Rugged Kyocera Torque Hits Sprint March 8 for $99.99

Kyocera Torque

At the end of January, Sprint announced that the rough-and-tough Kyocera Torque would soon be available on its network. Now, the carrier has confirmed that the ultra-rugged 4G LTE Android device will be available beginning March 8th for $99.99.

Whether you’re gliding across the waves with a jet ski or hitting the snowy slopes, Sprint has touted Kyocera’s Torque as a smartphone built to battle the elements. The 4-inch device can handle being dropped up to 26 times, doused in water for 30 minutes, and can withstand extreme temperatures such as -22°F among other trials.

Packed with low to mid-range specs, the Kyocera Torque features  a 4-inch screen with a resolution of 800 x 480, a dual-core 1.2-GHz  Qualcomm Snapdragon processor, 1GB of RAM, a micro SD card slot and a 2,500 mAh Lithium Ion battery.

The Torque comes with Android 4.0 Ice Cream Sandwich right out of the box, which is two generations behind Google’s most recent OS upgrades to Jelly Bean. So at least at launch, you won’t be able to enjoy features like Google Now and offline voice typing.

This rugged smartphone is field ready in other ways. The Torque supports Sprint’s Direct Connect push-to-talk service and Kyocera’s Smart Sonic Receiver audio technology, which uses vibrations to transmit sounds directly to the user’s ear.  With this technology, which replaces the need for a traditional speaker, Kyocera promises that sound will come through in even the noisiest environments.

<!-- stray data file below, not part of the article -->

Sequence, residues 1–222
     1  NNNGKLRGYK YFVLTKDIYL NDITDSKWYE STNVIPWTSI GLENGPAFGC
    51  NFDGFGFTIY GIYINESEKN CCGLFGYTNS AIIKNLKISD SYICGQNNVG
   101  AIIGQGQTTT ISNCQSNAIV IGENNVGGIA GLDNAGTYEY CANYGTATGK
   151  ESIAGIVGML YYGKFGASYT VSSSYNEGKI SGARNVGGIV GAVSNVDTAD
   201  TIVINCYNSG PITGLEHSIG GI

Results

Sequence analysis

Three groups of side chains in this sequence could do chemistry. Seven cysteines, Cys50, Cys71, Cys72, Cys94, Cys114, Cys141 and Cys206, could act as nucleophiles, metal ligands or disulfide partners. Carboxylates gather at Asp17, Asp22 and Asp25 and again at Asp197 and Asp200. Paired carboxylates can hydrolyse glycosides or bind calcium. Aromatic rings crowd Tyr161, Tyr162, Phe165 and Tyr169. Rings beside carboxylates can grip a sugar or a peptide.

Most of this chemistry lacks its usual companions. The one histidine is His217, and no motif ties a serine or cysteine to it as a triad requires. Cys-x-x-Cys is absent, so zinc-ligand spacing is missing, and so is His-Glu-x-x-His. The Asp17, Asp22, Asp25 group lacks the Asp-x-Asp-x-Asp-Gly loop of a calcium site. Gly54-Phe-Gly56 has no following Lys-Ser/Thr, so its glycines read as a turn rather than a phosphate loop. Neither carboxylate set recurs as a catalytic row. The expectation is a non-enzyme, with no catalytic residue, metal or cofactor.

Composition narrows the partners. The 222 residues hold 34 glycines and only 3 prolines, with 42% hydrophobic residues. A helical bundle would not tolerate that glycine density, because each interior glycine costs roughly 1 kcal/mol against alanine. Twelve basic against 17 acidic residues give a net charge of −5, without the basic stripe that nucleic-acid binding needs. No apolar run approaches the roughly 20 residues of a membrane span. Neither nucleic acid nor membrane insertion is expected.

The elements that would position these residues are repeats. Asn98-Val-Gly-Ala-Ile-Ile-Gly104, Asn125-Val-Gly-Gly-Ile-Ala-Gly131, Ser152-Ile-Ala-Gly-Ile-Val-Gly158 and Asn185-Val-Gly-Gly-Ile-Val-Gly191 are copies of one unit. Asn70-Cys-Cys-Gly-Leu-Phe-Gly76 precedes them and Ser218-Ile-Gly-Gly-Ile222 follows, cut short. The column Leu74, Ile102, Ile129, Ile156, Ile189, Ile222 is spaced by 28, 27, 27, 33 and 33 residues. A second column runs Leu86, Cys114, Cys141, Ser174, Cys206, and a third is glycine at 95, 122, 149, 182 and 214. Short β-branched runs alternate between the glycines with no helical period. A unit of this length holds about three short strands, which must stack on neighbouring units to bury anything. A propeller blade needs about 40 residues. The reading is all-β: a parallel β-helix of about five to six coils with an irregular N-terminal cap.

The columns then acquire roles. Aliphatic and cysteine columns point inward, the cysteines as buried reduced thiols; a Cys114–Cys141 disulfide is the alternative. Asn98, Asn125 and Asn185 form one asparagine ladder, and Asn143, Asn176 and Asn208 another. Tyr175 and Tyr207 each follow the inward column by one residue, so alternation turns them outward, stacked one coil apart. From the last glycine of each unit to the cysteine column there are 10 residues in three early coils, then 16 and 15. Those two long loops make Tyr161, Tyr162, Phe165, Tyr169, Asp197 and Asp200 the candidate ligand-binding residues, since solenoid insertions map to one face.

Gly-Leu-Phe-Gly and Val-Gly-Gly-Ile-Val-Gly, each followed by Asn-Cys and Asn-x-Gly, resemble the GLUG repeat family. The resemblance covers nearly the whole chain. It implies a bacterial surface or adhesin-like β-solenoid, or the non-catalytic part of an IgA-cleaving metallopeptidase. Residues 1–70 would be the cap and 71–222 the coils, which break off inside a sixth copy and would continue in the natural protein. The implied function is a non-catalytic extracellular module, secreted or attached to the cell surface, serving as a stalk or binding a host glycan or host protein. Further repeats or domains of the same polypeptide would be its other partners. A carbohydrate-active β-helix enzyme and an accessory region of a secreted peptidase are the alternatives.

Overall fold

Kyocera’s previously released Hydro model can also survive 30 minutes underwater, but doesn’t come with 4G LTE service and has a slightly slower 1GHz processor.  Samsung’s competing Rugby Pro, however, has a slightly faster 1.5-GHz processor but comes with the same screen size and Android OS as the Torque. The Samsung doesn’t promise to withstand 26 drops like Kyocera’s upcoming handset. 

Lisa Eadicicco
Lisa Eadicicco
Lisa has been reporting on all things mobile for since early 2013. When she’s not reviewing gadgets, she’s usually browsing patent databases or interviewing experts to track down the hottest tech trends before they even happen. Lisa holds a B.A. in Journalism from SUNY Purchase and has contributed to The International Business Times, The New York Daily News and Guitar World Magazine.
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  1. patrick Says:

    I like mine. I don’t want bigger, I want durable and pocketable. (Added bonus, its not fat, but unlike the bigger screens which have gotten thinner, it is just as thick as last year…. giving me super battery life even better because it does not power a huge screen )

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